You may be familiar with the current controversy in the state of Washington regarding the 15% fee cut that Washington Dental Service (WDS), a member of the Delta Dental Plans Association applied in June 2011. The 15% fee cut was an across the board reduction for all Dentists who participate with WDS. I believe that this action is a sneak preview of coming attractions. Since last June, Delta Associations in the states of Idaho and Pennsylvania have initiated similar cuts. Stay tuned, more cuts may be coming to a state near you.
These cuts to member dentists have occurred while WDS executives voted themselves pay raises of 35-45% over the past five years. Jim Dwyer, CEO of WDS is paid an annual salary of $1.2 Million. Recently, Mr Dwyer added fuel to the fire when he was interviewed on the Seattle news station King 5. In the interview, Mr Dwyer said that Dentists could “start working five days per week” to make up for the 15% fee cut that WDS instituted in 2011. After WA Dentists rightfully expressed outrage over his comments, Mr. Dwyer subsequently apologized, saying that his words were taken out of context. King 5 ran more of the video interview, where Dwyer says this not once but twice and also says, quite smugly, that dentists only work three and a half days a week. ”They certainly don’t work four days a week,” he adds, dripping with contempt. Below Dwyer’s lame apology:
Fred Joyal, the author of the fantastic book titled Everything is Marketing, has written an excellent blog post titled, ‘Who Profits from Non-Profits? Not You!’ that is all about this WDS subject. Here’s a link for Fred’s blog post:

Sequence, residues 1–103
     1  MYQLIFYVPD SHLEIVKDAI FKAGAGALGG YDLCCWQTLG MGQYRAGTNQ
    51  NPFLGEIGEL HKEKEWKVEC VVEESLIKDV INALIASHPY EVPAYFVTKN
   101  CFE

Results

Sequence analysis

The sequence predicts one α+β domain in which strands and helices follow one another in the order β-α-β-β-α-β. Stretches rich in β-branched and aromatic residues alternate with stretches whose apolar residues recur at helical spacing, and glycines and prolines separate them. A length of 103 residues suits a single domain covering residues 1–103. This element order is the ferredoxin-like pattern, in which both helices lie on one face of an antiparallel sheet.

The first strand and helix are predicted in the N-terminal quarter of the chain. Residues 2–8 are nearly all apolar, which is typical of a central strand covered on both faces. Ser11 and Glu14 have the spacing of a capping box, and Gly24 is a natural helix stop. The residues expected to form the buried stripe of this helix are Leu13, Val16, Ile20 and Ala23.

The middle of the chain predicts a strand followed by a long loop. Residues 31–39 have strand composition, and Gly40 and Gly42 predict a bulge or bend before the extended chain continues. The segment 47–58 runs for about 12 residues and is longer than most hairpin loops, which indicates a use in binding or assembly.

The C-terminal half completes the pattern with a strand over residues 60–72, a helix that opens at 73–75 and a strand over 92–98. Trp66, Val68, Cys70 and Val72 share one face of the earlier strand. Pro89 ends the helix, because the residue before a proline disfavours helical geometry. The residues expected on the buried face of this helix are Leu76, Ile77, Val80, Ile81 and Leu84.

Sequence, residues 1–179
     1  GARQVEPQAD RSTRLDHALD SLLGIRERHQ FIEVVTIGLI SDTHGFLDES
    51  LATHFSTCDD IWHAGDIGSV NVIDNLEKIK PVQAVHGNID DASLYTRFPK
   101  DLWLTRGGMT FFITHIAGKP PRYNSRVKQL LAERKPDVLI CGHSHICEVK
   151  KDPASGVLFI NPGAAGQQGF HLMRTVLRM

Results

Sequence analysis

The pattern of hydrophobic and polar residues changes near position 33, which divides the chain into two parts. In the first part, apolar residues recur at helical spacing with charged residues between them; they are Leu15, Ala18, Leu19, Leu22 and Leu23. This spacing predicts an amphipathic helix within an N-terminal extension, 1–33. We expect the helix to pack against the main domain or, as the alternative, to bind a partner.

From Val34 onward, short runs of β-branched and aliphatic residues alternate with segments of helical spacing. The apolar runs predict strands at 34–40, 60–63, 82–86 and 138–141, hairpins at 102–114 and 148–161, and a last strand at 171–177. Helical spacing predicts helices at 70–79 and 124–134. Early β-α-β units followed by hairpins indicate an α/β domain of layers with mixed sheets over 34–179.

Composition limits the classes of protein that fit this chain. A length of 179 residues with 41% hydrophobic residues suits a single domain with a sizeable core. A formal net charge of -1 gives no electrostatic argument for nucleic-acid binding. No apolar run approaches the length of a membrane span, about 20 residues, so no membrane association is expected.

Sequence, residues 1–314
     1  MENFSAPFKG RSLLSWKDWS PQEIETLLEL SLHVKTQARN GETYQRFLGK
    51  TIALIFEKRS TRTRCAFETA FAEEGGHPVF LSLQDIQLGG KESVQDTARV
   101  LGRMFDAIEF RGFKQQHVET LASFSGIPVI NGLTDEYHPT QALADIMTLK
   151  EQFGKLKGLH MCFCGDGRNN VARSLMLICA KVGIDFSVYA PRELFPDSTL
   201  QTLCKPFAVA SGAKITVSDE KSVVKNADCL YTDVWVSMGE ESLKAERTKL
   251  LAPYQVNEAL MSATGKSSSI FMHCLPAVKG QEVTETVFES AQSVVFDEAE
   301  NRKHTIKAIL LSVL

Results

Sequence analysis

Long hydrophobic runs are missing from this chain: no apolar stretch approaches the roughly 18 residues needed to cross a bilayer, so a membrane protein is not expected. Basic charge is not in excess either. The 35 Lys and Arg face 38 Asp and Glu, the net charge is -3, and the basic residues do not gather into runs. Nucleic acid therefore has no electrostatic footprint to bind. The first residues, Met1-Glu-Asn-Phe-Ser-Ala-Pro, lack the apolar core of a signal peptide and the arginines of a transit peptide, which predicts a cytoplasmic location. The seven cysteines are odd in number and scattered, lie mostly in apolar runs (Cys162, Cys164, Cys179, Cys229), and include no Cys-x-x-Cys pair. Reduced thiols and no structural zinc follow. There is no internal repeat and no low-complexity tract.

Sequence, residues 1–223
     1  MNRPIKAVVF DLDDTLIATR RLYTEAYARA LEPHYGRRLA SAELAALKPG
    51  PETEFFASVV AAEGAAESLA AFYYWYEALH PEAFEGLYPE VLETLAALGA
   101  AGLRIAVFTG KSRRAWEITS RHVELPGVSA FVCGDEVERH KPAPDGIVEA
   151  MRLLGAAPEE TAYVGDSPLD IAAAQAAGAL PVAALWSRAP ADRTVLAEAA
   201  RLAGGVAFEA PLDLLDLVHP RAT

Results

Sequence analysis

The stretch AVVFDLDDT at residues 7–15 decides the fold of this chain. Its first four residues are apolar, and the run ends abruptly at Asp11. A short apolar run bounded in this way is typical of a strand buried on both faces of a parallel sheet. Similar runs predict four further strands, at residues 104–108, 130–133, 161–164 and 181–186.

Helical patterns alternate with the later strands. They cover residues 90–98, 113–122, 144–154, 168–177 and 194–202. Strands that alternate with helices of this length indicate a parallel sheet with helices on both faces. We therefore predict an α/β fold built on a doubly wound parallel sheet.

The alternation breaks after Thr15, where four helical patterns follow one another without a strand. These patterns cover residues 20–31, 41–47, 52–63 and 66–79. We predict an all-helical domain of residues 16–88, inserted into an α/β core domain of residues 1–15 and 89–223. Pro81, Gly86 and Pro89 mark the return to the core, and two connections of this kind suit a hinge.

Hopefully the combination of Mr Dwyer’s arrogance and contempt with the self-serving irony of granting themselves 35-45% executive raises while cutting fees to members 15% has you seething about now! However the important question is; what does this all mean to you?
While this is an emotional issue, I am going to try and take the emotion out of it. Here goes. I want to encourage you to look at insurance fee adjustments as a marketing expense. Because that is exactly what they are! You are agreeing to accept reduced fees from the insurance company in exchange for them providing you with patients. It really is that simple. Does it make sense to be a member of their PPO? That depends. If you cannot attract new patients via your own marketing efforts or if the cost of doing so is greater than your insurance adjustments then it would make sense to be a provider in their network.
However, if you do the math you might just discover that you could develop a very productive comprehensive marketing plan (that produces a consistent supply of quality new patients) for a small fraction of the amount of money you were paying for insurance adjustments, then tell the insurance companies to take a hike! Ooops, the emotion just crept back in!!
Seriously though, that is exactly what we have done. We have developed a comprehensive marketing plan using internal, external, and digital strategies. Our marketing plan results in a steady supply of quality new patients. It costs us a small fraction of what we were paying in the form of insurance adjustments. The added benefit is that I sleep better knowing I am not contributing anything to Mr. Dwyer’s bloated salary! Keep Smiling!